One year on from the devastating 2019-20 Black Summer bushfires, Brisbane’s Institute of Modern Art unveils a new contemporary art exhibition, On Fire: Climate and Crisis, confronting this period of significant ecological change from 30 January 2021.
On Fire: Climate and Crisis features work by 15 Queensland artists and interrogates the state’s image as a subtropical paradise by considering the themes of global warming and climate threat, and spans painting, sculpture, immersive installation and video, including eight new commissions, in a timely examination of the past, present and future of the planet’s precarious situation.
On Fire considers the damaging legacies of colonialism, how artists visualise experiences of environmental connection and disconnection and fire’s capacity for rejuvenation, foregrounding First Nations’ voices and addressing the burgeoning Indigenous cultural fire movement.
Collectively, the works explore the emergence of a new environmental age described by fire historian Stephen Pyne as the Pyrocene: the fire equivalent of an ice age with Australia a major epicentre.
Exhibition curator and art historian Tim Riley Walsh said On Fire was filled with moments of awe and alarm that would shake complacency from visitors and disrupt the narrative around their engagement with the natural world.
“This exhibition reflects a feeling common to many Australians after the devastating Black Summer bushfires; a stark recognition of the fragility of our environment and a building sense of the overlapping threats presented by global warming which seem to grow only more complex,” he said.
“Through the work of these exhibiting artists, I hope visitors will gain insight and perspective into how visual culture helps us to comprehend and even challenge these threats,” said Mr Walsh.
Jemima Wyman’s Haze… is a large-scale digital collage printed on chiffon that collects images of smoke from recent global protests. The powerful tapestry of activist struggle includes plumes from flares released during Black Lives Matter rallies across the US, tear gas clouds released at pro-democracy demonstrations in Hong Kong and ceremonial smoke following the destruction of Western Australia’s Juukan Gorge by Rio Tinto.
Dale Harding’s new two-channel video documents the slow-burning and charring of Moreton Bay Ash trees, creating an abstract reflection on the important, embedded presence of fire within Australian flora and landscapes more broadly.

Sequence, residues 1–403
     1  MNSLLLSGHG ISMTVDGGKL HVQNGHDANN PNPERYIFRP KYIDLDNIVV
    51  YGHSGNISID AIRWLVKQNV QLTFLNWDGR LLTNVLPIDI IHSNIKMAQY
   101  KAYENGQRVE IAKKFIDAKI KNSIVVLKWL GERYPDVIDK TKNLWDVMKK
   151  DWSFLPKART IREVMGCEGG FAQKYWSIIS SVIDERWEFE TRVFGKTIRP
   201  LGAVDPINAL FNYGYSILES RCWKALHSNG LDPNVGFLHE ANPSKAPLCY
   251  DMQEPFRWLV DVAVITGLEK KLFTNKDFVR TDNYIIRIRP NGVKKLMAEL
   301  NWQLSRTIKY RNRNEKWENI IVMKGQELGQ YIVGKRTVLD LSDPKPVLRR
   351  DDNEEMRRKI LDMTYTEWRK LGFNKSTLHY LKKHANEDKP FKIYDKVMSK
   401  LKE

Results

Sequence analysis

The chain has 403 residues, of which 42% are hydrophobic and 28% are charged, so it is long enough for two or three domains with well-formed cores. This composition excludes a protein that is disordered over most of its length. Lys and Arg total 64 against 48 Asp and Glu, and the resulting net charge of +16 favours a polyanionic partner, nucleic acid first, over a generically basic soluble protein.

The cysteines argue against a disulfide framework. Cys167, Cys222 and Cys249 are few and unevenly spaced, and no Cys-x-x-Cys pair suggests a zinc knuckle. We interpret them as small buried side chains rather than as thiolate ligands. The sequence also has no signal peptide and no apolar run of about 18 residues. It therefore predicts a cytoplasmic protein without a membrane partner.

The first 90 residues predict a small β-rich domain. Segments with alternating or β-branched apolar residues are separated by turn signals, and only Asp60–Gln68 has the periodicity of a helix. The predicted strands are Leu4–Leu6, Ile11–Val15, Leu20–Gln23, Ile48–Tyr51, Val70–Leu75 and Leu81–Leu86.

Michael Candy’s Azimuth is a kinetic sculpture that uses UV-C light, a sanitising technology that fights COVID-19. While it can be harmful to humans, gallery visitors will safely view the work from behind a protective screen.
Artists featured in the exhibition are Gordon Bennett, Naomi Blacklock, Paul Bong, Hannah Brontë, Michael Candy, Kinly Grey, Dale Harding, Tracey Moffatt with Gary Hillberg, Erika Scott, Madonna Staunton, Anne Wallace, Judy Watson, Warraba Weatherall, Tintin Wulia and Jemima Wyman.
On Fire will be accompanied by a new, illustrated publication, designed by Brisbane’s Studio Bland and launching in March 2021, with commissioned texts from Amelia Barikin, Shannon Brett, Chari Larsson, Kevin O’Brien, Rachel O’Reilly and Tim Riley Walsh.
Tim Riley Walsh is a Brisbane-based curator and art historian. Tim is Australia Desk Editor for ArtAsiaPacific, Hong Kong, and a Post-Thesis Fellow within the University of Queensland’s School of Communication and Arts.
He is the Co-Editor of Gordon Bennett: Selected Writings (2020, Power Publications, Sydney, and Griffith University Art Museum, Brisbane) and has written widely for ArtAsiaPacific, Frieze, Art Monthly Australasia, Art + Australia, Eyeline, Apollo, Runway, and Artlink.
Tim has previously worked in gallery management, communications, and programming roles at Milani Gallery, Brisbane; Camden Arts Centre, London; and the Queensland Art Gallery | Gallery of Modern Art, Brisbane.
On Fire: Climate and Crisis
Institute of Modern Art – Judith Wright Arts Centre, 420 Brunswick Street, Fortitude Valley (Brisbane)
Exhibition: 30 January – 30 March 2021
For more information, visit: www.ima.org.au for details.
Image: Jemima Wyman, Haze…, 2020 (detail), 124.5 x 183 cm, handcut digital photo collage – courtesy of the artist, Milani Gallery, Brisbane, and Sullivan + Strumpf, Sydney